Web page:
Does it snow in Cape Town? This awesome city is known for its beautiful beaches, mountains, and nice weather that is like the Mediterranean.
But many people ask, “Does it snow in Cape Town, South Africa?”
Does this coastal paradise ever turn into a winter wonderland? And can it snow in Cape Town in certain months? Let’s find out all now.
In Cape Town, South Africa, it hardly ever snows because the temperature does not get too low because of barrier mountains.
More about The Cape Town Climate
Cape Town is in Table Bay on the Atlantic coast. Its southernmost area juts out into the ocean on the mountainous Cape Town Peninsula.
The city enjoys a warm Mediterranean climate with warm, dry summers running from December to March.
The maximum average temperature is almost 80oF (26oC) with comfortable average 61oF (16oC) lows.
Here is a bit about the average temperature in Cape Town:
|Month||Avg. Temperature (F)|
Fact: The region gets the Berg Wind, which blows uncomfortably hot moving in from mountains far in the interior over the Karoo desert.
Winter starts at the beginning of June and lasts until the end of August. Temperatures fall and cold air masses move in from the Atlantic, bringing rain on strong north-westerlies.
The average maximum is 83oF with a chilly minimum of 46oF, although record temperatures are below zero.
Although Cape Town as a coastal city experiences significant winter rainfall, inland South Africa is dry during the winter, with little or no precipitation.
Here is a bit about the average maximum and minimum temperatures in Cape Town:
|Month||Avg Max (F)||Avg Min (F)|
Does it Snow in Cape Town, South Africa?
Yes, it snows but in the wider Cape Town area, in a region called the Western Cape away from the coastal residential hubs.
The region includes the nearby foothills and mountain ranges. Some of the higher peaks are regularly dusted and snowcapped.
Most winters snow falls somewhere around Cape Town or at least on the Western Cape, only an hour or two from the city.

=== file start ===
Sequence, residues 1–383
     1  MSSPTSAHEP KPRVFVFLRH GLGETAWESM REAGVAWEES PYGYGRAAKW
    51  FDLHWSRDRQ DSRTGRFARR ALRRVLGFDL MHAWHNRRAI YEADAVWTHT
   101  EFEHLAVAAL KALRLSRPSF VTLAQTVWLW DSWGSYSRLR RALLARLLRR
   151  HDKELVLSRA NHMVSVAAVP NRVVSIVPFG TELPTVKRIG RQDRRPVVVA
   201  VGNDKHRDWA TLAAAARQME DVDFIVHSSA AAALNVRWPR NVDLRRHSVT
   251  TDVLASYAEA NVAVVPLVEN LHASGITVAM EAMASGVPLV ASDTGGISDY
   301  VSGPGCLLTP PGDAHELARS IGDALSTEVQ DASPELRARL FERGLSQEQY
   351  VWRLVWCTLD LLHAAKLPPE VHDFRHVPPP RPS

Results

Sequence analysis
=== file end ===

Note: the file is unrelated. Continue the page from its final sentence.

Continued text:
How Much Does It Snow in Cape Town?
Although the region does get significant snowfall, even at altitude, significant snowfalls don’t occur yearly.
Statistically, Cape Town only gets snow every other year.
The event is rarer and quite fleeting at ground level, consisting of nothing more than a dusting or a flurry that melts fast.
Fact: In most cases, snow in Cape Town, South Africa does not accumulate to the 0.01in needed for official recording.
Where to Find Snow in Cape Town?
The peak of Matroosberg mountain at just over 7,300 ft gets snow regularly.
Occasionally, the falls are so heavy that snow lies for some time on its southern flanks, but light dustings on its peak are typical.
Matroosberg is east of Ceres, another mountain area that regularly gets snow. Not that snow is rare in the higher altitudes of the Western Cape.
Anytime from June through to the end of August in could snow in:
- Koue Bokkeveld
- De Dooms
Historical Snowfalls in Cape Town
In June 2017, snow fell over much of the Western Cape. It was so widespread it fell on the East and North Capes, too.
Significant falls continued throughout the region into August and November in the mountains.
Light flurries began appearing on the high passes in late March, and by the end of April, many of the higher locations in the ranges had snow.
Another Historical Snow Event to Consider
In 2018, snow fell closer to ground level. The 5 day snow event dumped significant amounts in the Western Cape and South Africa.
There was snow at ground level around Uniondale in the Grafft-Reinet regions of the East Cape, where the incredibly hot Karoo desert is located.